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  First Thoughts

    Dan Gilmore.


    Supply Chain Digest

April 28, 2023

How Global Supply Chains have Changed Post Pandemic

Companies move Away from China, Lean Inventories – will it Last?


The COVID pandemic starting in early 2020 was an inflection point in the practice of supply chains.

It was an odd scenario. Many people – including me – expected the virus and related lockdowns of stores and factories to devastate the economy.

And it did to an extent. But the impact was uneven. Traffic at restaurants, for example, plummeted, and non-essential retailers such as apparel were largely closed, many surviving only thanks to the new “curbside pick-up.”

Gilmore Says....

But leaving China and adopting multi-sourcing strategies almost surely increase supply chain costs – is it worth it?

What do you say?

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But the overall economy didn’t feel that broken. Employment outside of some service sectors remained strong, with workers and companies adjusting to the new concept of working at home.

And while GDP did tank for a quarter or two, what developed soon after was not great surpluses of inventories due to tanking demand, but rather inventory shortages and supply disruptions. Those disruptions – meaning manufacturers and others could not get the components and other inputs they needed in a timely way – were the result of a combination of factors, including factory closures in China, worker shortages there and in other areas, cancelled sailings by ocean container carriers that reversed the supply-demand equation, and soaring demand in certain areas due to a change in consumer behavior.

Now, more than three years later, we are getting back to normal. Indeed, in February the Federal Reserve Bank of New York described its Global Supply Chain Pressure Index as “back to normal.”

But it is a “new normal.” That is an overused phrase, but it seems quite appropriate here. Things have changed or are continuing to change.

The Wall Street Journal’s Paul Page recently wrote an article on this very topic, and I thought I would share some highlights, including quotes from various supply chain pundits.

That starts with diversifying away from China sourcing. Long talked about but far less often executed, companies do seem to be actually finding new supply sources outside China. Citing some examples of such moves by Apple, Mattel and others, Page writes that we are in the midst of enduring changes “that will more broadly affect how companies get their raw materials and parts, where they produce goods and how they ship finished products to consumers.”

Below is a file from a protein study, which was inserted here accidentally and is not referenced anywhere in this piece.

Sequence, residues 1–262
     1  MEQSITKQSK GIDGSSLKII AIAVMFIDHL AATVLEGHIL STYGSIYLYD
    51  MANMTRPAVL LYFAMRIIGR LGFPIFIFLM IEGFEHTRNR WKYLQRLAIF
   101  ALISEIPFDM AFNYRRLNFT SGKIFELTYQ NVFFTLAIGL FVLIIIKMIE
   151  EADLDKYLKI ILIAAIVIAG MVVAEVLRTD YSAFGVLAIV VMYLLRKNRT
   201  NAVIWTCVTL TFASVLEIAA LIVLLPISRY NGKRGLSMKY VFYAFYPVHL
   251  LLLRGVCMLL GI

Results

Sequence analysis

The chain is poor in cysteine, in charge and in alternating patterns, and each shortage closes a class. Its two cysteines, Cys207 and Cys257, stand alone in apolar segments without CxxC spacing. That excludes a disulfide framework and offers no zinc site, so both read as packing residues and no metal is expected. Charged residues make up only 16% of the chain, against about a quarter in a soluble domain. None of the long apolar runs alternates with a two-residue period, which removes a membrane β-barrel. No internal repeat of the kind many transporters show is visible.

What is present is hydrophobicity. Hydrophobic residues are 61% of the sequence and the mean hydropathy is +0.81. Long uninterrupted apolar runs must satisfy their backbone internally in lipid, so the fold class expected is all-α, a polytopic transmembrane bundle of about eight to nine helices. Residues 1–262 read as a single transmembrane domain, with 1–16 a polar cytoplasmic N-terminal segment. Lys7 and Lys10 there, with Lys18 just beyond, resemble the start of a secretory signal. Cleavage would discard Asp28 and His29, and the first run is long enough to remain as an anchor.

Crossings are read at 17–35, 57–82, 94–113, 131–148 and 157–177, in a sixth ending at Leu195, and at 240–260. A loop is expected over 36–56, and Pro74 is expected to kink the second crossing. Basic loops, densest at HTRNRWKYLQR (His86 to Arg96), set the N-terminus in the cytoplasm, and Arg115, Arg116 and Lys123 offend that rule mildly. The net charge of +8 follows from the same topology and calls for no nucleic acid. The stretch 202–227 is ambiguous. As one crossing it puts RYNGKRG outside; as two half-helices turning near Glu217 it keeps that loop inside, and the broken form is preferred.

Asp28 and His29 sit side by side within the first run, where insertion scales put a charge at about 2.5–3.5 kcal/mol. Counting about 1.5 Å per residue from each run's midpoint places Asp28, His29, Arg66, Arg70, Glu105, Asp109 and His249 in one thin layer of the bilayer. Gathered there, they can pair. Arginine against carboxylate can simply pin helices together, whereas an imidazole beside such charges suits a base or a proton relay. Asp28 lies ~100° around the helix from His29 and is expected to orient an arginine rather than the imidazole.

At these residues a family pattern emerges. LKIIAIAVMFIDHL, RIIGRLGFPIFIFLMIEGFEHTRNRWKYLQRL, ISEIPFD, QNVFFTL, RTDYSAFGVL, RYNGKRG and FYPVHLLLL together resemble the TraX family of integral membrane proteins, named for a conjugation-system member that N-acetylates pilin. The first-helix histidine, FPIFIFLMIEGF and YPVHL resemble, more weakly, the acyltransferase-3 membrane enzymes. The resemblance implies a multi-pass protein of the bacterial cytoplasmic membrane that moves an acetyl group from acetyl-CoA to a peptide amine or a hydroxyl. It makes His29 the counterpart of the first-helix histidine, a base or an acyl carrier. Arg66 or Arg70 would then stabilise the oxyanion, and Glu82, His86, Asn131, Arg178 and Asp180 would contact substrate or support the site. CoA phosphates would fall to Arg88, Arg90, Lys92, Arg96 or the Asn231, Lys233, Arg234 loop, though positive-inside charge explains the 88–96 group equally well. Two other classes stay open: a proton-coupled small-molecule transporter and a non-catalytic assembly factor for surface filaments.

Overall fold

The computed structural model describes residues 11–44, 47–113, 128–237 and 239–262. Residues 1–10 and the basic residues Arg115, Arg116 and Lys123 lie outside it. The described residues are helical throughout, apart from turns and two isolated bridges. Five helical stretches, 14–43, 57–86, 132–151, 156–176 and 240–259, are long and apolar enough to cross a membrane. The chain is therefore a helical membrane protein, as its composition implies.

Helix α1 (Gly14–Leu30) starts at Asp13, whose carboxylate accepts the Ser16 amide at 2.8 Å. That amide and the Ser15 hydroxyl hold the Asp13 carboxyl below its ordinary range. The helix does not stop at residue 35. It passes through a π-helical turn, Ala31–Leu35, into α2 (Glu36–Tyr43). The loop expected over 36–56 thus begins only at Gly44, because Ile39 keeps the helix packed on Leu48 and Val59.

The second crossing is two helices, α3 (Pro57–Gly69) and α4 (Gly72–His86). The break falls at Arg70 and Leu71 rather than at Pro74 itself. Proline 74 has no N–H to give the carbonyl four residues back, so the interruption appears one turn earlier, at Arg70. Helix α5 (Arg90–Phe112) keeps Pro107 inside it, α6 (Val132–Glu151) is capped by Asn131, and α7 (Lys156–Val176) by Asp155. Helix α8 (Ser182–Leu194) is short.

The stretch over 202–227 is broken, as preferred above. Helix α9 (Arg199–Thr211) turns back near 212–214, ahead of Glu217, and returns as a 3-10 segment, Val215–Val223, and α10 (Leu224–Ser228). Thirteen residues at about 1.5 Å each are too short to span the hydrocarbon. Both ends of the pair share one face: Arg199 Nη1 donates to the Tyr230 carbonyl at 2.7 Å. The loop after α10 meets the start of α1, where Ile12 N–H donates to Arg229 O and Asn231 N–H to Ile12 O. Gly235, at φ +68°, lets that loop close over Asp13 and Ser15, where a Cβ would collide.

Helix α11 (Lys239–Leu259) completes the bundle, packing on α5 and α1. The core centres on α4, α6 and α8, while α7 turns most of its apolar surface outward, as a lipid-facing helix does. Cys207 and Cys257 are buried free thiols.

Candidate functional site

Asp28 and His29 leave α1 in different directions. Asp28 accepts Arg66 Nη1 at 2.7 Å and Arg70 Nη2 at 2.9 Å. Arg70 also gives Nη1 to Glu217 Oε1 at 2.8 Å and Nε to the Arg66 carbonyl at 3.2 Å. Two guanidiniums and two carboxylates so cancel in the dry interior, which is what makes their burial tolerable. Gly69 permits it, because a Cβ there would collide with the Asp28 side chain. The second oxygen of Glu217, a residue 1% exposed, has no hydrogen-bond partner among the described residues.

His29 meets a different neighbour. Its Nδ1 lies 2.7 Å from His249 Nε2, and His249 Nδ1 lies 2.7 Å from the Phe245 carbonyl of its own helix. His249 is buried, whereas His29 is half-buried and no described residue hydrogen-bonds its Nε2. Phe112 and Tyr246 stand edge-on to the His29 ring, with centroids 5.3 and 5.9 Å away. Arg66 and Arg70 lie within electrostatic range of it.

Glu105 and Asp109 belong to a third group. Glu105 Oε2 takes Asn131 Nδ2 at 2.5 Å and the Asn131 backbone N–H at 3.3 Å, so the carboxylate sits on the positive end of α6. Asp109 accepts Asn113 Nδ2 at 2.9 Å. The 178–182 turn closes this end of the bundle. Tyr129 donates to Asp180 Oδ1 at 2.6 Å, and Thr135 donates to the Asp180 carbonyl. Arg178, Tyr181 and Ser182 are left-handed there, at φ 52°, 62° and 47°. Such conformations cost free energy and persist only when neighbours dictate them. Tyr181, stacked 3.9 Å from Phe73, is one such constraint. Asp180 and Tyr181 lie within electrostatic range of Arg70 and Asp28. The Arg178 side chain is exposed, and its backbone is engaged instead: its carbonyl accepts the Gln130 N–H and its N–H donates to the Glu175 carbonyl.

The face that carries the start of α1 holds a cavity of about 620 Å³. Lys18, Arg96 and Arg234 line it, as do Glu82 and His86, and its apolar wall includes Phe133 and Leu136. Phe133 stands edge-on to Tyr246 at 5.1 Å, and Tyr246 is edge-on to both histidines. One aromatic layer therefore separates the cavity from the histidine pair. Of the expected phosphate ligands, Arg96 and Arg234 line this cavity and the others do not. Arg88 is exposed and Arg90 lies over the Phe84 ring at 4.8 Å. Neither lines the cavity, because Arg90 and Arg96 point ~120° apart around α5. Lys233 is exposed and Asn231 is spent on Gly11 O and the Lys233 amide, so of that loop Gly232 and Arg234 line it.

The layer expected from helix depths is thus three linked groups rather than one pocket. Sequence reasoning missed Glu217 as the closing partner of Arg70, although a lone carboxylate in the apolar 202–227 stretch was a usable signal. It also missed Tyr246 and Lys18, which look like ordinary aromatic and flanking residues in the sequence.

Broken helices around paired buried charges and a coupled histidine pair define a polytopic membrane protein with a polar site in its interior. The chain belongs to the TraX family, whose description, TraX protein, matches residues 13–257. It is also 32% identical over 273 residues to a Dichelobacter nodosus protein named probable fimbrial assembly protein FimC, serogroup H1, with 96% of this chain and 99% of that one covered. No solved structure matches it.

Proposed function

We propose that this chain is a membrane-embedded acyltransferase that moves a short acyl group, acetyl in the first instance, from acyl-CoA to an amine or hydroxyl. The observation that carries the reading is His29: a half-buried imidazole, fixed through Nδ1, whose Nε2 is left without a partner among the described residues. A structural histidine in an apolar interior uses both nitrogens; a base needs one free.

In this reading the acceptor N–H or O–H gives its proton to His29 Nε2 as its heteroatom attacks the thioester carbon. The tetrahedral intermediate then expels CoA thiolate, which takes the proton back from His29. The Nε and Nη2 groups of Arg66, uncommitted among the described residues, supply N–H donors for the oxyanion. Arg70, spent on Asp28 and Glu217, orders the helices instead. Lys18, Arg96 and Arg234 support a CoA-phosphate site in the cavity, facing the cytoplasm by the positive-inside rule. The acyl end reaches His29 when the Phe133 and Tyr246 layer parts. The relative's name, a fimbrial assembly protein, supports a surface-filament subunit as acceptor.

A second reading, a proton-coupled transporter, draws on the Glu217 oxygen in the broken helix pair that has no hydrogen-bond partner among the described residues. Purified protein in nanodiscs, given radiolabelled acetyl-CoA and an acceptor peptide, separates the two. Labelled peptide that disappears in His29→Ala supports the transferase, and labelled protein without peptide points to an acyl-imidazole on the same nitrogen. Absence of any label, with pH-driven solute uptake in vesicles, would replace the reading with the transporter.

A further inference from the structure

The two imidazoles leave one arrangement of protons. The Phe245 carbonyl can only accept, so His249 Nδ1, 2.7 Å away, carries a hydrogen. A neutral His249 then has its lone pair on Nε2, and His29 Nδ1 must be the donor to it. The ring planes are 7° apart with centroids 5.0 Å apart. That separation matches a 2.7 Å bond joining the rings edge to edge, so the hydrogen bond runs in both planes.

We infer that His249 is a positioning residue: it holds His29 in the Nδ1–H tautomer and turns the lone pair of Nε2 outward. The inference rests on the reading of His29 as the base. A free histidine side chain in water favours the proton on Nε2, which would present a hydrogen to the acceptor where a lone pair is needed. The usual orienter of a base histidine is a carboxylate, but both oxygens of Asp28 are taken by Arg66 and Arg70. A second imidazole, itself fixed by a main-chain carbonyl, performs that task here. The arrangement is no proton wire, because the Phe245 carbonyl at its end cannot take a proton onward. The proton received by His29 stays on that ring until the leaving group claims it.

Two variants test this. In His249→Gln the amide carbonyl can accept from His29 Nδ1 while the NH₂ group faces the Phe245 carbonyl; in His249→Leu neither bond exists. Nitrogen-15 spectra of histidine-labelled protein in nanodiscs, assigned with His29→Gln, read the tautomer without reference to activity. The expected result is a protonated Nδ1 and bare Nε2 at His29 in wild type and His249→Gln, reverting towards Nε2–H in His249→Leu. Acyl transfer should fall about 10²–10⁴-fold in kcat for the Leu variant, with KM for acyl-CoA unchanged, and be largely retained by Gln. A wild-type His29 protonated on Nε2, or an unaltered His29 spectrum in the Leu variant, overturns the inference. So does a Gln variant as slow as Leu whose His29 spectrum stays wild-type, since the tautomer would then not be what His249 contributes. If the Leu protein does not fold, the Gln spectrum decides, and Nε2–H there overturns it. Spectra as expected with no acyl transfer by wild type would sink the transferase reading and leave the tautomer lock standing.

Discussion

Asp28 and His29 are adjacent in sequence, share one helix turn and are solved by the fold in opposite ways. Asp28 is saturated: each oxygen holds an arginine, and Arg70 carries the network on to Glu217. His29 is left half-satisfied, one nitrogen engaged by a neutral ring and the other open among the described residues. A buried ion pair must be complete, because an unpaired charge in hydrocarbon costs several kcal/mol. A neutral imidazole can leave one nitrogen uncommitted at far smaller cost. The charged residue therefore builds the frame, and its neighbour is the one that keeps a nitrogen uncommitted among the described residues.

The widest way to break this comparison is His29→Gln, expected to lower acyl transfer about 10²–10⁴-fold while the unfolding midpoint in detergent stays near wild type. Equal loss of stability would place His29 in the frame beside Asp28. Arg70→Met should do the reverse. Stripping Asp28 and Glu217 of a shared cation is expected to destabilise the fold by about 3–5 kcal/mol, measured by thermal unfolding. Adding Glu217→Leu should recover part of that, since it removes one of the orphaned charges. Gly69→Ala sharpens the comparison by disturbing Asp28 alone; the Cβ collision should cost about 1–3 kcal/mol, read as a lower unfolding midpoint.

He adds that taken together, “the changes mark the biggest shift in how supply chains are managed since China’s entry into the World Trade Organization in 2001 ushered in a new era of globalization.“

Those important changes include the embrace of regional manufacturing strategies, where souring is spread across the globe to be closer to customers. Related to that are duel or even multi-vendor sourcing techniques. Both are designed to reduce the risk of the types of supply chain disruption seen over the last nearly three years.

“They have been moving away from a model built on scale, where everything is engineered to get the best financial impact from the greatest economies of scale, to a model where there is plenty of redundancy in the network,” Patrick Van den Bossche, global analytics practice leader at consulting firm Kearney, told the Journal.

He further observed that ““The move away from China, to rewire supply chains to where you have multiple local supply chains, is really just starting. Companies are still trying to figure out how this works.”

The key question of course is whether this time will companies really follow through on the strategy this time, where many have turned away from the plan in the end in recent years.

But leaving China and adopting multi-sourcing strategies almost surely increase supply chain costs – is it worth it?

The Journal quotes Rick Gabrielson, a former transportation executive at Target and Lowe’s, as saying companies have to balance those costs against the potential for future disruptions.

“You have to ask yourself, which do you want?,” Gabrielson adds. “Are we going to minimize risk for shareholders and customers or are we going to minimize costs? This is the conversation that is taking place, but the change doesn’t happen overnight.”

Government regulations around the environment are also changing supply chains. The SEC, for example, is advancing plans to require that companies disclose not only their own carbon emissions but those of their suppliers, and their suppliers’ suppliers, known as Scope 3 emissions.

That would add further cost and complexity, but seems to be unstoppable.

But the biggest change, Page says, may be the pullback in Lean inventory practices. He notes companies such as Nissan and PepsiCo have said the focus on hyper-efficient supply chains may be ebbing, as more companies recognize the value in buffer stock.

While some firms may decide they don’t need all the safety stock they have been adding, “You will not see the pendulum pull all the way back” to a just-in-time focus, Gabrielson told the Journal.

So net it all out: the Journal says after the experience of the past few years that companies are really focused on building supply chain resilience, and are doing so by reducing dependence on China, using multi-vendor sourcing strategies, and pulling back from strict Lean inventory practices.

They are also adding robots. Lots and lots of robots, Page notes.

That is the new normal for sure.

What is your reaction to these supply chain trends? Let us know your thought at the Feedback section below.

Your Comments/Feedback




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